Swedish networking and telecoms equipment and services provider, Ericsson, has launched a new range of network services to enable operators to easily introduce IoT applications onto their networks.
As the first commercial IoT networks are introduced, Ericsson says it is seeking to address the deployment and operations of the massive number of devices being introduced to LTE networks.
Assessing the situation, Peter Laurin, head of business area managed services, Ericsson, said: “We anticipate IoT devices will surpass mobile phones as the largest category of connected devices as early as 2018 and, according to Ericsson’s latest Mobility Report, there will be 18 billion connected IoT devices in 2022. This massive uptake requires a different approach to network planning, design, operations and capabilities than traditional mobile broadband networks.”
Making IoT easy for operators
To address this, Ericsson has announced a package of network services for cellular IoT connectivity, including Cat-M1 and Narrowband IoT (NB-IoT). These services should provide mobile network operators with IoT network design and optimization, deployment, operation and management capabilities, the company says.
Once an operator chooses to partner with Ericsson, the company’s network planning and design team will leverage the existing LTE installed base to make it an IoT platform. The team will then go about integrating Ericsson’s Massive IoT software into the network, to improve control and management of the network.
Jamie Moss, principal analyst, Consumer Technology and IoT at Ovum, suggests that operators need these kind of partnerships to help them introduce IoT more easily.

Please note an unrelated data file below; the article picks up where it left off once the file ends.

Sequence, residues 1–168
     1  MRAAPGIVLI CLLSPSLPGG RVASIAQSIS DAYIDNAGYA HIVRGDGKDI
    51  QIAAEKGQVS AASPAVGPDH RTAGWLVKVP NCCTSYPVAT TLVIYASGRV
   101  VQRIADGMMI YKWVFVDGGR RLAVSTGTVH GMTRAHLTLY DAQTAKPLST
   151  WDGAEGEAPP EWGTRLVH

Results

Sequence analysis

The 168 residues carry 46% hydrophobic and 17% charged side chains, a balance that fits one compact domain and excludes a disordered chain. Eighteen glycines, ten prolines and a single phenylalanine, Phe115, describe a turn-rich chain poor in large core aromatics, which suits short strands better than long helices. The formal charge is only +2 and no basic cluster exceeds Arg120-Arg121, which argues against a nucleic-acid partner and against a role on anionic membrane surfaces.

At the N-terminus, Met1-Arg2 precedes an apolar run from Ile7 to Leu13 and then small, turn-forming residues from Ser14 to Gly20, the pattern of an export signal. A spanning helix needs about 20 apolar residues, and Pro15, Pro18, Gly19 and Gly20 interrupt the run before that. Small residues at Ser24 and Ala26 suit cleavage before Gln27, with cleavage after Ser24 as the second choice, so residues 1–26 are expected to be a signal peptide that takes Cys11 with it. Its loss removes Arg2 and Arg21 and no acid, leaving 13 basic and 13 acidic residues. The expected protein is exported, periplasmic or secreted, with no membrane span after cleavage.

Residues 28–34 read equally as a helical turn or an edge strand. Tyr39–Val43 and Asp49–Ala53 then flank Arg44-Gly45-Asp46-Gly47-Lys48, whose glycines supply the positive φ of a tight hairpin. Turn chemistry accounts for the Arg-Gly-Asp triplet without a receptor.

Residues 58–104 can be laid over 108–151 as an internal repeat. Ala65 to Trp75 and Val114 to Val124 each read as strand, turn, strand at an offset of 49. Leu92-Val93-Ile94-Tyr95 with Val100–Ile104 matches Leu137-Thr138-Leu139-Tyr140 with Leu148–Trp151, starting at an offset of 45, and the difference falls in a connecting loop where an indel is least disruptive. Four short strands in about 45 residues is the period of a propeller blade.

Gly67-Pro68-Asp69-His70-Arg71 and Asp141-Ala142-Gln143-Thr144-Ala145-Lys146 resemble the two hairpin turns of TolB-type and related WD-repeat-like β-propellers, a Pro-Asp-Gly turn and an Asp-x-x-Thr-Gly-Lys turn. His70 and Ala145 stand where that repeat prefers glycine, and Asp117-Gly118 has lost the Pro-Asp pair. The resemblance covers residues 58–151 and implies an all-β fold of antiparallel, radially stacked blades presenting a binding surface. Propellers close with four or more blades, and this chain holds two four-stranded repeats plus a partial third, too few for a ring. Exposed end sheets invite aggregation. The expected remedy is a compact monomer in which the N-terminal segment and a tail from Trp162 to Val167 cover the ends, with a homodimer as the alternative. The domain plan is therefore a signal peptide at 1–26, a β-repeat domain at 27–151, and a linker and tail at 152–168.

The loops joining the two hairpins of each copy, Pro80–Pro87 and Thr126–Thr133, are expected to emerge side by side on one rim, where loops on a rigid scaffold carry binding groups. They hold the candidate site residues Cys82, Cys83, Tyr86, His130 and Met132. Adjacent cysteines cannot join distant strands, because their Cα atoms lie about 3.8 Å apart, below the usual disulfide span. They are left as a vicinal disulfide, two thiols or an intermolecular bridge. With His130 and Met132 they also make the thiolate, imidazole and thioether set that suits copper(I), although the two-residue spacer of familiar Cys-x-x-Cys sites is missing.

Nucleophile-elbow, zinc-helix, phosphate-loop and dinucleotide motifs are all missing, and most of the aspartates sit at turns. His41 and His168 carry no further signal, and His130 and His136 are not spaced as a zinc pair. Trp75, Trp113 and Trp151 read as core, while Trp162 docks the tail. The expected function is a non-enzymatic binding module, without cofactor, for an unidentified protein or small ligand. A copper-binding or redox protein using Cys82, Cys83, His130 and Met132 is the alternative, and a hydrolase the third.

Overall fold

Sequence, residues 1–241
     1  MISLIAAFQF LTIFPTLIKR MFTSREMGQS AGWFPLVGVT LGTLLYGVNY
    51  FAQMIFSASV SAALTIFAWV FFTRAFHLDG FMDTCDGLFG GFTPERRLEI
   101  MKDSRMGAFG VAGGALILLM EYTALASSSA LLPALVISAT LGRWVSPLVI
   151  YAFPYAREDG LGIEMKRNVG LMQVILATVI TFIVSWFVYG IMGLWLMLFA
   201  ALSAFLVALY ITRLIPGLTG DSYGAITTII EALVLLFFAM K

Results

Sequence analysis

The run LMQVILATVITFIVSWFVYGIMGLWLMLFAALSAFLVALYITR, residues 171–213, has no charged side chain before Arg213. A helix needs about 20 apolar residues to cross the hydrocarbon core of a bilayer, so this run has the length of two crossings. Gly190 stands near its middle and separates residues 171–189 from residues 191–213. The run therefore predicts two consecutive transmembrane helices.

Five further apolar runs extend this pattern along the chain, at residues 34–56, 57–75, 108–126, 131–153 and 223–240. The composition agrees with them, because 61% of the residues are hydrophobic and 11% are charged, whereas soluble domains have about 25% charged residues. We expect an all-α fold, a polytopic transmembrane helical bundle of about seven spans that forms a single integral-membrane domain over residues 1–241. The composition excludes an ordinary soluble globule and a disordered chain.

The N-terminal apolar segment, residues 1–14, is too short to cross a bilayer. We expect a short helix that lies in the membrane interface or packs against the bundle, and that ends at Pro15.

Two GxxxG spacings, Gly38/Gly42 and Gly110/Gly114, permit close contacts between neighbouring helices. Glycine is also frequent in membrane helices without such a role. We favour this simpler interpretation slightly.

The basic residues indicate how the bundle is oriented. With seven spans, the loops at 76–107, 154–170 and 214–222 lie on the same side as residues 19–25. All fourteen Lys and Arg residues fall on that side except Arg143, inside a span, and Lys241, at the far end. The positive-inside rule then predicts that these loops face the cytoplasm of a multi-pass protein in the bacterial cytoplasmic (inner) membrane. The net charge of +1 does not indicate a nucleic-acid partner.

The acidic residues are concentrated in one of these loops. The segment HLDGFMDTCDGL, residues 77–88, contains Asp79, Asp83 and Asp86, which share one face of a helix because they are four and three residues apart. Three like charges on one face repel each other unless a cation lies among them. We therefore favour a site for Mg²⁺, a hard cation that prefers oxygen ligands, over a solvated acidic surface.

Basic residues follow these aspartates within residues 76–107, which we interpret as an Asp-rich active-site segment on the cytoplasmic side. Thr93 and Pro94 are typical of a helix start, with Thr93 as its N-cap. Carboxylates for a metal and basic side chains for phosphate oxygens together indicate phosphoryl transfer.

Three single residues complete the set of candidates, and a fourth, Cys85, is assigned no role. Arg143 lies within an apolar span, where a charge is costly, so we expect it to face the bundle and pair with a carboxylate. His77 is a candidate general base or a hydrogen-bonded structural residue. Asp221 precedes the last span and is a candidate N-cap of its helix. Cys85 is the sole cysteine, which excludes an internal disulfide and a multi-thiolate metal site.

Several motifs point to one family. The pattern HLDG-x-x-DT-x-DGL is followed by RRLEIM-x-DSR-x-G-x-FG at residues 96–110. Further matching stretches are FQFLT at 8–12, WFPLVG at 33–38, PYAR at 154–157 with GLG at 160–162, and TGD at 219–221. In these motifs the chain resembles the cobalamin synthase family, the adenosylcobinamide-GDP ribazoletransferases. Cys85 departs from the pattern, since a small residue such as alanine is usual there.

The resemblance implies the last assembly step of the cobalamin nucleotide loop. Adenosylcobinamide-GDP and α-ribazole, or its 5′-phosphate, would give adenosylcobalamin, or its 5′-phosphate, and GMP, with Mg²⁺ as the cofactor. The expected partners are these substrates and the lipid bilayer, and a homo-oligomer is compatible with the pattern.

“This is especially true in the case of LTE-M and NB-IoT,” Moss said. “As enhancements to LTE, they appear to represent the operators’ core competency. But LTE-M and NB-IoT will be used, and will be required to perform, in ways that are completely new. Their rollout, the handling of the traffic they generate and the management of the services they exist to enable require network services that offer a comprehensive portfolio of abilities.
Ericsson planning for the future
Alongside its operation and management capabilities, Ericsson is introducing automated machine learning to its Network Operations Centers (NOCs) to help operators manage delivery cost and take a proactive approach to event and incident management. Supposedly, the company recently completed a trial in which 80 percent of all incidents were identified by machine learning only with no human intervention, with the root cause identified correctly in 77 percent of cases.
“Machine learning and artificial intelligence are not just buzzwords, but are vital and exciting tools being employed by Ericsson for use within a network to help operators manage the many new devices they will need to serve in the future,” Moss concludes.